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Cereal cyst nematodes: A complex and destructive group of heterodera species

Smiley, R.W., Dababat, A.A., Iqbal, S., Jones, M.G.K.ORCID: 0000-0001-5002-0227, Maafi, Z.T., Peng, D., Subbotin, S.A. and Waeyenberge, L. (2017) Cereal cyst nematodes: A complex and destructive group of heterodera species. Plant Disease, 101 (10). pp. 1692-1720.

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Small grain cereals have served as the basis for staple foods, beverages, and animal feed for thousands of years. Wheat, barley, oats, rye, triticale, rice, and others are rich in calories, proteins, carbohydrates, vitamins, and minerals. These cereals supply 20% of the calories consumed by people worldwide and are therefore a primary source of energy for humans and play a vital role in global food and nutrition security. Global production of small grains increased linearly from 1960 to 2005, and then began to decline. Further decline in production is projected to continue through 2050 while global demand for these grains is projected to increase by 1% per annum. Currently, wheat, barley, and oat production exceeds consumption in developed countries, while in developing countries the consumption rate is higher than production. An increasing demand for meat and livestock products is likely to compound the demand for cereals in developing countries. Current production levels and trends will not be sufficient to fulfill the projected global demand generated by increased populations. For wheat, global production will need to be increased by 60% to fulfill the estimated demand in 2050. Until recently, global wheat production increased mostly in response to development of improved cultivars and farming practices and technologies. Production is now limited by biotic and abiotic constraints, including diseases, nematodes, insect pests, weeds, and climate. Among these constraints, plant-parasitic nematodes alone are estimated to reduce production of all world crops by 10%. Cereal cyst nematodes (CCNs) are among the most important nematode pests that limit production of small grain cereals. Heavily invaded young plants are stunted and their lower leaves are often chlorotic, forming pale green patches in the field. Mature plants are also stunted, have a reduced number of tillers, and the roots are shallow and have a “bushy-knotted” appearance. CCNs comprise a number of closely-related species and are found in most regions where cereals are produced.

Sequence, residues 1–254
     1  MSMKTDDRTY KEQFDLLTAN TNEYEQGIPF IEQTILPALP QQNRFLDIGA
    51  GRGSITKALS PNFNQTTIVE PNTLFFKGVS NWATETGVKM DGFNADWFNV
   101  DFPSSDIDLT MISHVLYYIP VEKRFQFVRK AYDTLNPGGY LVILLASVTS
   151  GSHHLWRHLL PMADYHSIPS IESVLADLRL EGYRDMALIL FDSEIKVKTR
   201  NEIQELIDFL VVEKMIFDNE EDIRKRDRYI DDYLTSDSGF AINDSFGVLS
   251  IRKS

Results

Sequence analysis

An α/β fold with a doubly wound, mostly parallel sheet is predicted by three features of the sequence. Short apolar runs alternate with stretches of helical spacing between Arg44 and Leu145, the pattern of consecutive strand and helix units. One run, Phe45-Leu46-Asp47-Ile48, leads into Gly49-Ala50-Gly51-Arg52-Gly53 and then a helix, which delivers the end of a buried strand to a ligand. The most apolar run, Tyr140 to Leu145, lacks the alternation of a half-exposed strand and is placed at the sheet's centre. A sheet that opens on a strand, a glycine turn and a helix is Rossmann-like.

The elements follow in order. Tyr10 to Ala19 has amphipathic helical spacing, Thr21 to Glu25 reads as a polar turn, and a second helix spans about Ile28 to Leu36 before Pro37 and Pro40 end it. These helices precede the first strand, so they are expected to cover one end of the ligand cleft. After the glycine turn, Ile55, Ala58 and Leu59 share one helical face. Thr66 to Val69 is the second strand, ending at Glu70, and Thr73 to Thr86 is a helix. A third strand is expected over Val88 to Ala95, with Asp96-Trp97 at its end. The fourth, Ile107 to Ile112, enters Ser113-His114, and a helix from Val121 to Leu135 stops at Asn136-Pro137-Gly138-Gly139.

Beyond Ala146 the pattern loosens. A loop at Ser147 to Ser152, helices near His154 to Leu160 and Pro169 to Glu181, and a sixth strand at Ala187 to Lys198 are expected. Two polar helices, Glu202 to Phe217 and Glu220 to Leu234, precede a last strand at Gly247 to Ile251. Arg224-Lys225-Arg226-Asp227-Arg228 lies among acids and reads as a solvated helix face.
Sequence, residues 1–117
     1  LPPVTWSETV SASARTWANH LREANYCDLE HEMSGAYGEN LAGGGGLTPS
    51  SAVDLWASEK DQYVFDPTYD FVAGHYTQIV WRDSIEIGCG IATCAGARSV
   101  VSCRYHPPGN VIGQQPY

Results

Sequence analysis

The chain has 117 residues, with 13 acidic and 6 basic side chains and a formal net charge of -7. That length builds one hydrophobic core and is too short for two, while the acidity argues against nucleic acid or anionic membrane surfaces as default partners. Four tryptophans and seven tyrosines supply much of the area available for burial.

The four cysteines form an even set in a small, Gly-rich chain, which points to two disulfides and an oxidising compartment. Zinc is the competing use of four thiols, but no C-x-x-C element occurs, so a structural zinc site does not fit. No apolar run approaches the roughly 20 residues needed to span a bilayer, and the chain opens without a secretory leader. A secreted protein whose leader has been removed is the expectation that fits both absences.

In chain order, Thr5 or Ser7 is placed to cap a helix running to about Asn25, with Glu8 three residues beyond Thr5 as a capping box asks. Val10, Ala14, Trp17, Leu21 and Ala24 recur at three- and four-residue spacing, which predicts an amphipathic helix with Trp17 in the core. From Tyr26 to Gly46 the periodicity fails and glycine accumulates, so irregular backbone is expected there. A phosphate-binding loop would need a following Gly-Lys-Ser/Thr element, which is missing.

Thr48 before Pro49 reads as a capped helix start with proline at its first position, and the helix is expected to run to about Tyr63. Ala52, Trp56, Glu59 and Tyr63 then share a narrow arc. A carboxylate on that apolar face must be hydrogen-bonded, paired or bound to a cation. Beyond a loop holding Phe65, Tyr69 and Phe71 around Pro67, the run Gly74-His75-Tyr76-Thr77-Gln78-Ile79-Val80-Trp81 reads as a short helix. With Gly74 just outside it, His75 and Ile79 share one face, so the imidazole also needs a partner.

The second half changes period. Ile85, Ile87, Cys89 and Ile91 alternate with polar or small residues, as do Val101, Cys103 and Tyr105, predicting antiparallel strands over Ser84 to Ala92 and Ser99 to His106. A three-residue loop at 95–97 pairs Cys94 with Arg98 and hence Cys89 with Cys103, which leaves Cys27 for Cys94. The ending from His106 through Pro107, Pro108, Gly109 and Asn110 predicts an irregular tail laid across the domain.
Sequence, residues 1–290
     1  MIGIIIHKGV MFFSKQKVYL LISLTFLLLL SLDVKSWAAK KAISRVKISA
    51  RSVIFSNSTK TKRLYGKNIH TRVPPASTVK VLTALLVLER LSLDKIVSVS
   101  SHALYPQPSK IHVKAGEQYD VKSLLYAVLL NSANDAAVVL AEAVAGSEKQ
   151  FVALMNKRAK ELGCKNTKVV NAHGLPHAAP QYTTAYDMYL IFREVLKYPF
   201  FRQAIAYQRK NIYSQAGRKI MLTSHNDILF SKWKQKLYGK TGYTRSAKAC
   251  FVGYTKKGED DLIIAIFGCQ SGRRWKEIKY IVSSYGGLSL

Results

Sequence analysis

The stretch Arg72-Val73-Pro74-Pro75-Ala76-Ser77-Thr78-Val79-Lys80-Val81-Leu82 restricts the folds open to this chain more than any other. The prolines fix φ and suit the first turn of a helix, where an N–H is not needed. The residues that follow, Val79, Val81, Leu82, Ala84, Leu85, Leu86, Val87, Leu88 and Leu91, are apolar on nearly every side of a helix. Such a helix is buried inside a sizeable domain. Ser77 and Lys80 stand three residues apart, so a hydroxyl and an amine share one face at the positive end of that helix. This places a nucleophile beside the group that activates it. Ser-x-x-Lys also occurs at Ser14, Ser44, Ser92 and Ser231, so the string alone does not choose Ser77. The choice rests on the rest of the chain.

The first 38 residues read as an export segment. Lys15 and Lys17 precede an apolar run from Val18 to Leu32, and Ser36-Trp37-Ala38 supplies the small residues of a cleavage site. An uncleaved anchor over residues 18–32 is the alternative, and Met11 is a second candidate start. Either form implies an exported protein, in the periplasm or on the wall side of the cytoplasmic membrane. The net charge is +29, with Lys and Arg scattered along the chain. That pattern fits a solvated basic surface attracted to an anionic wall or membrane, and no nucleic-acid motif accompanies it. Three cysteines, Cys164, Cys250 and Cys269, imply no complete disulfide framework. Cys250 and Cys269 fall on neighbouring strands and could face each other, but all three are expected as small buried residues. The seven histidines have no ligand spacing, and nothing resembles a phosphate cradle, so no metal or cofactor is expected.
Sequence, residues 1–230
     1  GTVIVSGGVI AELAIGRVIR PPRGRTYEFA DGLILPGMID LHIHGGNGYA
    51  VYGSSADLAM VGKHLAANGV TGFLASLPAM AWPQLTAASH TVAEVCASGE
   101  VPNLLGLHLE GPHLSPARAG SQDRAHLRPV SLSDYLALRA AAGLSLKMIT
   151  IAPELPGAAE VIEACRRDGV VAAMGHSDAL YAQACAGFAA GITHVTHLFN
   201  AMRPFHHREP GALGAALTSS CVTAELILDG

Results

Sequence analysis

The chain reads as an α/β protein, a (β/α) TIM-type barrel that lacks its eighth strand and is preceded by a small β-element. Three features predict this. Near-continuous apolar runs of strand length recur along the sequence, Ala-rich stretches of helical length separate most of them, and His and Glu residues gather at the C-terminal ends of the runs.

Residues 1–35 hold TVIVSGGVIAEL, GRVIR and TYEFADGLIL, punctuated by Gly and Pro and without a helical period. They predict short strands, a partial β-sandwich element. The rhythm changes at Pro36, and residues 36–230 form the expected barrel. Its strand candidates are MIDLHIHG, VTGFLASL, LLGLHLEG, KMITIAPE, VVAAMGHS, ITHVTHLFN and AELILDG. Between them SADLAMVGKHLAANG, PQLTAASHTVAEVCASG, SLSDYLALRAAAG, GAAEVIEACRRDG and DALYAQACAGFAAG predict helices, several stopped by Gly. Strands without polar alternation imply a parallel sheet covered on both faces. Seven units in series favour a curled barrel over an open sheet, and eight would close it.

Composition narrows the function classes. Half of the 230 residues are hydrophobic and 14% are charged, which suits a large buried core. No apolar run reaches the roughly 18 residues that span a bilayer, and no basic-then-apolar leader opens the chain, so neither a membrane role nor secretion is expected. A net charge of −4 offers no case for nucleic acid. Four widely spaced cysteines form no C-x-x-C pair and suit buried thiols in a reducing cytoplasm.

Item Type: Journal Article
Murdoch Affiliation(s): School of Veterinary and Life Sciences
Western Australian Biotechnology Centre
Publisher: The American Phytopathological Society
Copyright: © 2017 The American Phytopathological Society.
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